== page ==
by Emily Marie
Bronx, New York
August 15, 2003
Baseball fans undoubtably know the Dodgers once played in Brooklyn. When the team moved away in the late '50s, it took a large part of the soul away from the burough. At the turn of the century though, baseball came back to Brooklyn in the form of the single-A Mets affiliate, the Brooklyn Cyclones.
The Cyclones play at the fairly-new Keyspan Park. Keyspan is at Coney Island, still a very popular summer attraction for city-dwellers. Much of the park has the carnival feel to it, just like the neighborhood. I made my first trip to Keyspan in August '03, and couldn't help notice the flavor. Clown-like characters were making balloon animals for the kids on the main promenade. The roof along the foul lines looked like they may have been from a carousel. The light stantions looked like they belonged in a theme park, and the florecent lights on the prominade were reminicent of those you'd see at a bumper cap track. Above the scoreboard in left was a representation of the Cyclone roller coaster (from where the team got its name), and beyond that, you could see the real coaster in action. Meanwhile down the right field line the old parachute drop tower looms over everything. And if that weren't enough, the Coney Island boardwalk runs along behind the center field wall.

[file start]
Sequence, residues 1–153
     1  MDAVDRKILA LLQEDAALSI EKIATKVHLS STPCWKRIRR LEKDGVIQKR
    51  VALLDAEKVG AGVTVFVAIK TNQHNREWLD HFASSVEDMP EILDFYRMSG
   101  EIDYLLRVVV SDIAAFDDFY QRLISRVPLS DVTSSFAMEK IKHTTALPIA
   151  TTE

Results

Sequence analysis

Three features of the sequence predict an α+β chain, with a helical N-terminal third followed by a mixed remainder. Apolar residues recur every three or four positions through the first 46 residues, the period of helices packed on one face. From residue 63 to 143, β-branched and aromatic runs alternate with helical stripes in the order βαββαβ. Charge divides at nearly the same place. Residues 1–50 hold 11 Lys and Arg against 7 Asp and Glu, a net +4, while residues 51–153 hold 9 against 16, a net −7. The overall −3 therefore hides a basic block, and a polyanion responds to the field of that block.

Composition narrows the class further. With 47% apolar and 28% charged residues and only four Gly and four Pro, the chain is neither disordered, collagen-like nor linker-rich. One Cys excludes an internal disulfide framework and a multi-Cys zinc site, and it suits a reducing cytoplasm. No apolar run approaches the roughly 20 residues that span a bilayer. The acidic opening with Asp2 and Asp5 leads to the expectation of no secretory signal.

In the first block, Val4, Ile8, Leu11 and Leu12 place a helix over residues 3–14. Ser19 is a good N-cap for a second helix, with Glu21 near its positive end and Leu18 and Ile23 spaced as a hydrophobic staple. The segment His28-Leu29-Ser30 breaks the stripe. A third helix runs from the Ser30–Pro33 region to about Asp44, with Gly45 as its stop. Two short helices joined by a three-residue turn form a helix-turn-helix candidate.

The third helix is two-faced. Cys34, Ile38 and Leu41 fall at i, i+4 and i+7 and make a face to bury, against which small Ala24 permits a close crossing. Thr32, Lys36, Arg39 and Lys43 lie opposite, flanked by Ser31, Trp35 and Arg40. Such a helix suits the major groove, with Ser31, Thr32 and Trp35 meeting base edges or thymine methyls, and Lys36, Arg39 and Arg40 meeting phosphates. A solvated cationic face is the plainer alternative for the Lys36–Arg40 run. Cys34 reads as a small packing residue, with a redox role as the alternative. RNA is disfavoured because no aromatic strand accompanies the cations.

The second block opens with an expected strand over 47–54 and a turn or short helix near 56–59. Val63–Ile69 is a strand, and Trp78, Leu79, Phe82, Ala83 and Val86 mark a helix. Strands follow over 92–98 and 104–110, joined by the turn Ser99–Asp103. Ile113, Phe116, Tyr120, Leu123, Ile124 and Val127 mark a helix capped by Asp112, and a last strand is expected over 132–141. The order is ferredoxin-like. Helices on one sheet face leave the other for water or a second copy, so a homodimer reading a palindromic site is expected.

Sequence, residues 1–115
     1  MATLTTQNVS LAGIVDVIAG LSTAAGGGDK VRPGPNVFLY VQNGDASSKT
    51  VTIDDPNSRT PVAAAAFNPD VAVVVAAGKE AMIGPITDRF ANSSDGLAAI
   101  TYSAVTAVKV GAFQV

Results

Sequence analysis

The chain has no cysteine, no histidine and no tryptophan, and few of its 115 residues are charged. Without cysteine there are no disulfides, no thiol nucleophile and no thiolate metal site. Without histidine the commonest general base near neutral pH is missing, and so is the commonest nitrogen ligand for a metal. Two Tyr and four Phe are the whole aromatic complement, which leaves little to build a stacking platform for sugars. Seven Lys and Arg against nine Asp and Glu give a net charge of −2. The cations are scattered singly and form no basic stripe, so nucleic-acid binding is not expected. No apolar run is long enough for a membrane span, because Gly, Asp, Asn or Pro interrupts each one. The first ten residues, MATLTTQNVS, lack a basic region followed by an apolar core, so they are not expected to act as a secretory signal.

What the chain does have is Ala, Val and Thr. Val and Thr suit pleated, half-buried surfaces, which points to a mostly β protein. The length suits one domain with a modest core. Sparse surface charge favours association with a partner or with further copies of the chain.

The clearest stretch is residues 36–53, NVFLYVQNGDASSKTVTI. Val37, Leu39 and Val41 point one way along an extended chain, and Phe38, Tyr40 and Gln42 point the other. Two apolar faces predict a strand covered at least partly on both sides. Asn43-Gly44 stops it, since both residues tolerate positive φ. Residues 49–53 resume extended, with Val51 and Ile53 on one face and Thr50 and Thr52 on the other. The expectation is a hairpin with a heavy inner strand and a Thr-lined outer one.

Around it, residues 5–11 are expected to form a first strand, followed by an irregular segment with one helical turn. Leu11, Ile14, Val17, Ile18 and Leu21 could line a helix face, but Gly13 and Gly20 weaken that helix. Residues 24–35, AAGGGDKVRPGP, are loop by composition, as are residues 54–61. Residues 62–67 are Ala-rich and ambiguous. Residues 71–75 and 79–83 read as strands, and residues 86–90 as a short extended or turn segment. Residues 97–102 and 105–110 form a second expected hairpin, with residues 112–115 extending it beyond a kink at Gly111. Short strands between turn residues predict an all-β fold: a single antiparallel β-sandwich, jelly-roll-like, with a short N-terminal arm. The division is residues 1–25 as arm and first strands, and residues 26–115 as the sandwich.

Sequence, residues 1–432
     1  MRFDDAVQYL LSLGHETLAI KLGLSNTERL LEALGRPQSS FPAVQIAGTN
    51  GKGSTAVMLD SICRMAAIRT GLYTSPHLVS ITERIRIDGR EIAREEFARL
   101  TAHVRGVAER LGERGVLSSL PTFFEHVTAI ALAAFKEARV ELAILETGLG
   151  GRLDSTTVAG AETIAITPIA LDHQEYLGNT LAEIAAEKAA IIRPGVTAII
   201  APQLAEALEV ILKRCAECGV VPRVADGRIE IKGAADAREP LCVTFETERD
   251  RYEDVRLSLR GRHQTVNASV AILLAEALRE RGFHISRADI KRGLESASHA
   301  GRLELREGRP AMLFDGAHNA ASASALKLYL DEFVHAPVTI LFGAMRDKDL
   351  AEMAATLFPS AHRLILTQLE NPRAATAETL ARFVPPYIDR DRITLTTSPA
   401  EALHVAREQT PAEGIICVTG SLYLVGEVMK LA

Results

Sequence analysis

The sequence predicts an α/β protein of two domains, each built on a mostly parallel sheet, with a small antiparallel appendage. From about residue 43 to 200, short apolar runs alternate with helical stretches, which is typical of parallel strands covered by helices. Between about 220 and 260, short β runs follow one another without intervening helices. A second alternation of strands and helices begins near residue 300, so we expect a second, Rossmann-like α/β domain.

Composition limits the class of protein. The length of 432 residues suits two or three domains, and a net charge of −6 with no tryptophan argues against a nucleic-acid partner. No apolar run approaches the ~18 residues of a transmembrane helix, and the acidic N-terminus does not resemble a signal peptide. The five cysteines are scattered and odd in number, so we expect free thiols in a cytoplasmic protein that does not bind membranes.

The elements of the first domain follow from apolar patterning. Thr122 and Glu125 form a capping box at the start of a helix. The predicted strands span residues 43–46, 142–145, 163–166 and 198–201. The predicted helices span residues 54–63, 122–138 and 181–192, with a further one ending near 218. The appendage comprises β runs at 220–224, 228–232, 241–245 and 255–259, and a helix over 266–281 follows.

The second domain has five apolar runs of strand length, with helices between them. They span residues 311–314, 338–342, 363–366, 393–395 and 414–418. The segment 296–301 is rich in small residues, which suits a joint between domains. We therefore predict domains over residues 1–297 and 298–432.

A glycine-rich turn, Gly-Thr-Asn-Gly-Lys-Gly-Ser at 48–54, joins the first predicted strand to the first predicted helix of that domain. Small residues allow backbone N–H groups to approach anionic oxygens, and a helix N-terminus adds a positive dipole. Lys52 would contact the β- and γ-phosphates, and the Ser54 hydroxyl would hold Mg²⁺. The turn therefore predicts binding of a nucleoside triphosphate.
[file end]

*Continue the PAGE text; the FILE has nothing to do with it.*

The team also tips its cap to the Brooklyn Bums. The only two retired players are Gil Hodges and Jackie Robinson. The press area has a sign hanging in front of it reading, "The Catbird Seat," as famed announcer Red Barber used to call his vantage point.
Cyclones tickets, like all at this level of play, are cheap. So is parking compared to the major teams in the area. However the park is much smaller, and is often sold out. If you do get tickets, drive out or take the subway early and spend the day here. Besides the game, there are still the amusements of Coney Island and the New York Aquarium just a walk away. With all these attractions, and the less-stuffy crowd, a trip to Keyspan is a much better family outing than either Yankee or Shea Stadiums.
From journal Baseball, New York City